Could your fruit vendor be selling you poison?

Vendors sell fruits to a motorist in Kibingoti market in Ndia constituency, Kirinyaga County. [Mose Sammy, Standard]

It is a foregone conclusion that eating fruits is one of the best ways to keep healthy. As they say, an apple a day keeps the doctor away. 

But chances are the apple, mango or banana you are eating may be doing you more harm than good.

The fruit business has experienced rapid growth as more and more Kenyans become conscious about maintaining good health.

However, driven by the urge for quick sales, unscrupulous traders are using harmful chemicals to hasten the ripening of fruits, uncaring about the dangers they are exposing consumers to. 

After months of investigation, The Standard has established that there is an elaborate scheme to accelerate the ripening of fruits to meet the growing demand. 

Our investigations revealed that some fruit vendors are using calcium carbide, a chemical used in manufacturing fertilisers and in welding, to induce ripening.

The practice has gained notoriety among fruit vendors and the fruit processing industry, and caught the attention of the Ministry of Health.

Some of the fruits ripened artificially are bananas, mangoes and sometimes apples and pawpaws.

Meru and Kirinyaga counties are among the largest producers of bananas and mangoes. Murang’a and Makueni counties are major producers of mangoes.

Major towns

The fruits are later supplied to consumers in Nairobi, Mombasa, Kisumu and other major towns in the country.

In a circular last November, Director of Public Health Kepha Ombacho accused vendors of endangering consumers by taking shorter and dangerous routes to ripen fruits.

“As you are aware, calcium carbide causes serious health hazards, including cancer, to consumers of these fruits and workers who are in direct contact during application of this chemical,” Dr Ombacho said.

But the warning has not deterred the practice.

The use of calcium carbide to ripen fruits is banned in many countries, including Kenya. Continued use has been blamed on poor enforcement of the law.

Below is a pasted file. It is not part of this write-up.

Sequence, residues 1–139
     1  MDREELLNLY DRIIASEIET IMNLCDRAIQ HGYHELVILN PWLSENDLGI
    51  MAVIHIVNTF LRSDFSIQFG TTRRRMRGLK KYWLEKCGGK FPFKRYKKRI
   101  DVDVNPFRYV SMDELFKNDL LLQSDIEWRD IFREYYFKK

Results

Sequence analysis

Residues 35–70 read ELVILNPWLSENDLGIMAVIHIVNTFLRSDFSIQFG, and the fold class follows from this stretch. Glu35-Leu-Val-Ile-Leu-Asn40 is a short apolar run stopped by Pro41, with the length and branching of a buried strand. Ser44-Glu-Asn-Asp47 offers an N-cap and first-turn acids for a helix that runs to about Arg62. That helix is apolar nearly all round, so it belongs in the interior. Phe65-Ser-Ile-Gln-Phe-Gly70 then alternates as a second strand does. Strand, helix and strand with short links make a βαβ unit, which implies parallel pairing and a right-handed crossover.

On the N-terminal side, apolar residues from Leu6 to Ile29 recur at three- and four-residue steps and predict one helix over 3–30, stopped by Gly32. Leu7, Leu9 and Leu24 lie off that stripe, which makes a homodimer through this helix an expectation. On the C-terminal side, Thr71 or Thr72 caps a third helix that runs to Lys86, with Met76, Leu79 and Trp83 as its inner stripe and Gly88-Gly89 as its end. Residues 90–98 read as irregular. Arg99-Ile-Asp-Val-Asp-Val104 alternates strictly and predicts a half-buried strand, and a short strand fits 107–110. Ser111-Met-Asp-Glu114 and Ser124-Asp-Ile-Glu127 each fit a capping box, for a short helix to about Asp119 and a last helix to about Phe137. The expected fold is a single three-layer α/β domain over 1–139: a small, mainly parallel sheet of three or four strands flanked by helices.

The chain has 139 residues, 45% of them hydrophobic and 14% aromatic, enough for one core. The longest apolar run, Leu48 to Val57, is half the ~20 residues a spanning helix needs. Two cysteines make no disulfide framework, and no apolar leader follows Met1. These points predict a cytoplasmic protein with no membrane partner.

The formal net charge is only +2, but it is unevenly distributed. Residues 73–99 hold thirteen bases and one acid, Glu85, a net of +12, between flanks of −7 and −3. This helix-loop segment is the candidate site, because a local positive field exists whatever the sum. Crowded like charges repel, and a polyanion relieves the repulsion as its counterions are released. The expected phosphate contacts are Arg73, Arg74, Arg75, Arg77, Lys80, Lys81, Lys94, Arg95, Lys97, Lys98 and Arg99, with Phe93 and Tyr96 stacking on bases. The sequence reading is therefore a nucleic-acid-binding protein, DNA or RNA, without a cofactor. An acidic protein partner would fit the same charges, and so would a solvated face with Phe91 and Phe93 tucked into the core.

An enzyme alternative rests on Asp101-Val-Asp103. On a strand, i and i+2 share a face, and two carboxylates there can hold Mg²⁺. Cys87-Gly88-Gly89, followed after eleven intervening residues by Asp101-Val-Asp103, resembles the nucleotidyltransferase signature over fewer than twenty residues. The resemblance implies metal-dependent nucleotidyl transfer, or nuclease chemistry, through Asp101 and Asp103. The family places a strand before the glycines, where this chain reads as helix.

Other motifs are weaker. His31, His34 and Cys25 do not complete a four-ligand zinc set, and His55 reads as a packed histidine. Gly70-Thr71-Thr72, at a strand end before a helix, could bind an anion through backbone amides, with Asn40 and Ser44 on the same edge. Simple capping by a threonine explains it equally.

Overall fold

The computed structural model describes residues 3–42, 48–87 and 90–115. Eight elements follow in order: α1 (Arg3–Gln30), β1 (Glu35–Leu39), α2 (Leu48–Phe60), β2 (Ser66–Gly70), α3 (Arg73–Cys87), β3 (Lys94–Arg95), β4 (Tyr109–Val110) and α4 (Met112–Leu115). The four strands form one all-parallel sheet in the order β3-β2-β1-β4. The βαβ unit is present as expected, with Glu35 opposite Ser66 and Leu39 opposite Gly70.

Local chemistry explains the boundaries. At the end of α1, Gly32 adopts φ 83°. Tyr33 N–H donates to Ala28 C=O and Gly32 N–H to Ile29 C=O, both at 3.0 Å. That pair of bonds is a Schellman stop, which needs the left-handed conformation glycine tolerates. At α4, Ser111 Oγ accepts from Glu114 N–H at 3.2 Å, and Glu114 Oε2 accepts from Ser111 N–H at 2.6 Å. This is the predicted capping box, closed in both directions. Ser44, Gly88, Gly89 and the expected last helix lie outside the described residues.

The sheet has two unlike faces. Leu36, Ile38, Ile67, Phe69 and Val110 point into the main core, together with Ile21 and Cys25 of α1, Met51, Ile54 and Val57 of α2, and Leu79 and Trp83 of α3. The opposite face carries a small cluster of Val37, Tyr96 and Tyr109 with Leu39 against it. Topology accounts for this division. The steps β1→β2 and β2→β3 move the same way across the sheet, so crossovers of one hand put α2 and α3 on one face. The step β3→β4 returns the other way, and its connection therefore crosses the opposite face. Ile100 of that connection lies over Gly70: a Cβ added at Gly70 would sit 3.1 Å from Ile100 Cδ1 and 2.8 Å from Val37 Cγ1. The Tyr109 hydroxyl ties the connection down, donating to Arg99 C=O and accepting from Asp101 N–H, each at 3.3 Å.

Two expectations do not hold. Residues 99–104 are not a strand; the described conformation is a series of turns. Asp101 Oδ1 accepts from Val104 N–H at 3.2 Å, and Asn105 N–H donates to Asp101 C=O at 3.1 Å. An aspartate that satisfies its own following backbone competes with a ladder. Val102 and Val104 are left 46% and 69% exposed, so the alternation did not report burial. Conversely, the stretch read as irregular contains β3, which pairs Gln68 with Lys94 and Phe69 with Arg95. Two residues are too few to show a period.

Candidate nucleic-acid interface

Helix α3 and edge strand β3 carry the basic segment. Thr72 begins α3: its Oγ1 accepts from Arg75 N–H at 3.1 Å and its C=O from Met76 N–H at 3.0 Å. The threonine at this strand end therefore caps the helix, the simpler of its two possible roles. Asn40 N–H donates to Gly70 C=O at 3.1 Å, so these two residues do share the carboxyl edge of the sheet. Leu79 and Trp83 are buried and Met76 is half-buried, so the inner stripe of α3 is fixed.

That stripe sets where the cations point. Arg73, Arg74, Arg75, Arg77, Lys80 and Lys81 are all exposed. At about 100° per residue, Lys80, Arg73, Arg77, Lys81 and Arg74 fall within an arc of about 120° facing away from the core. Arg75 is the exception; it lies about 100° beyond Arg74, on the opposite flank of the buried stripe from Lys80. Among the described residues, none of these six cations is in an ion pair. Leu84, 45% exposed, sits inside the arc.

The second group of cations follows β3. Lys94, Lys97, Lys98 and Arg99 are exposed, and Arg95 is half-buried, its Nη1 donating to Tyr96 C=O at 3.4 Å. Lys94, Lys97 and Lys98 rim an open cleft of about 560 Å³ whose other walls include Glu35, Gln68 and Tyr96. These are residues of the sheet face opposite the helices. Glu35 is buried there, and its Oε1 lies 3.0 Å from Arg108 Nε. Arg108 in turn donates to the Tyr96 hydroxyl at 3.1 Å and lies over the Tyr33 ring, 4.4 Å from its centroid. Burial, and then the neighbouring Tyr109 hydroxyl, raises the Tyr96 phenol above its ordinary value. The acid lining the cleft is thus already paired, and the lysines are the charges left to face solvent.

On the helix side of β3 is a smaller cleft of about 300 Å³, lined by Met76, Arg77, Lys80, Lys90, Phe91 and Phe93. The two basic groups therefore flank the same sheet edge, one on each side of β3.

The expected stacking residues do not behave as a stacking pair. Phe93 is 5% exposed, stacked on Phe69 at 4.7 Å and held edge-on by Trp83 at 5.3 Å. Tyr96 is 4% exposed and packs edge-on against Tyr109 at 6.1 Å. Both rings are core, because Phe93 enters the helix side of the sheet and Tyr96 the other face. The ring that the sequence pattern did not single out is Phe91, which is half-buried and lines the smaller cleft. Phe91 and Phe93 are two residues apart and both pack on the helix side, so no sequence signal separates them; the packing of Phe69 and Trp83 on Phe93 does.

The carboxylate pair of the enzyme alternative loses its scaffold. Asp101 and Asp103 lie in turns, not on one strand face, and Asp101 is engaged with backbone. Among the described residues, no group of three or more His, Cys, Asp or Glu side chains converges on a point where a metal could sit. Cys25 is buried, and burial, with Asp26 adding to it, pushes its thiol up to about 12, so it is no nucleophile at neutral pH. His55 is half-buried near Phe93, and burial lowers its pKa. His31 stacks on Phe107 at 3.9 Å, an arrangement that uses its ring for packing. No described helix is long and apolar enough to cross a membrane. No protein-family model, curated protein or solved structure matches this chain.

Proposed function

The Standard spoke to vendors in Nyeri, Meru, Murang’a and Kirinyaga on how artificial ripening is done. Some said they knew how to ripen fruits artificially but did not do it.

Kirinyaga County Public Health Officer Evans Kago said the affect depends on the volume and frequency of consumption of the chemical.

“Calcium carbide has serious side effects, chief among them being it causes cancer. You might not see the effects until the chemicals accumulate in the body. There is a maximum amount of this chemical the body can take. But when you go above this level, it turns into poison,” Mr Kago said.

At Whispers Market in Nyeri Town, vendors said artificial ripening of fruits was an open secret.

They said it was done in Kibingoti in Kirinyaga County, especially in the cold season when fruits might take over a week to ripen.

Rose Mureithi, a trader at the market, blamed the practice on the desire to make quick money.

“It is done because of greed even though it is not as widespread here. The demand for fruits pushes sellers to use shortcuts,” she said.

Ms Mureithi said hers was a clean business. She showed us a bunch of unripe bananas hanging from a short sisal rope in her stall at the market.

Three days

“These ones will ripen in about three days,” she said.

“I use natural methods for two days then hang them here to ripen slowly. The fruits that are ripened artificially also rot quickly. If you don’t get a market for them, you lose.”

Some traders in Kibingoti said reports that chemicals were being used to ripen fruits were affecting their businesses.

“I would not deliberately use chemicals. I take care of my family through this business and I wouldn’t want it to end for engaging in malpractices,” said a vendor who sought anonymity.

Others said they knew fellow traders who used the chemical to ripen their fruits.

“Their activities have affected business. Many people are afraid of buying our fruits now,” said an elderly female trader.

Charity Gichira uses avocados and passion fruits to stimulate the ripening of other fruits.

“The use of chemicals is wrong. The best way is to store unripe bananas with passion fruits or avocados in an airtight bag. Avocados have a lot of heat and will cause bananas to ripen fast,” she said.

Ms Gichira said it was easy to identify bananas that were artificially ripened.

“They have a deep yellow colour but are green on the edges. And they are not so sweet.”

Mathira West Public Health Officer Samson Miano said they carried out a study in the area after complaints but the results were negative.

“Some people say it is happening but we did not find any fruits ripened artificially in the study we did. But we will take samples for further analysis,” he said.

The Ministry of Health has started a campaign to sensitise Nyeri residents about artificially-ripened fruits.

Kago said they were focused mainly on Kibingoti, a small trading centre along the Nyeri-Nairobi highway.

“When we mapped out areas where people may be using chemicals on fruits, we were directed to Kibingoti,” he said.

“We tried to trace the trend in the county (Kirinyaga) but did not find any cases. We know it is rampant and we are still looking out for it.”

The Meru Banana Farmers Co-operative Society issues members with ripening kits to ensure that chemicals were not used.

The association is one of the largest banana producers in the country.

The kits, according to the society, reduce the ripening period and keep the bananas safe before consumption.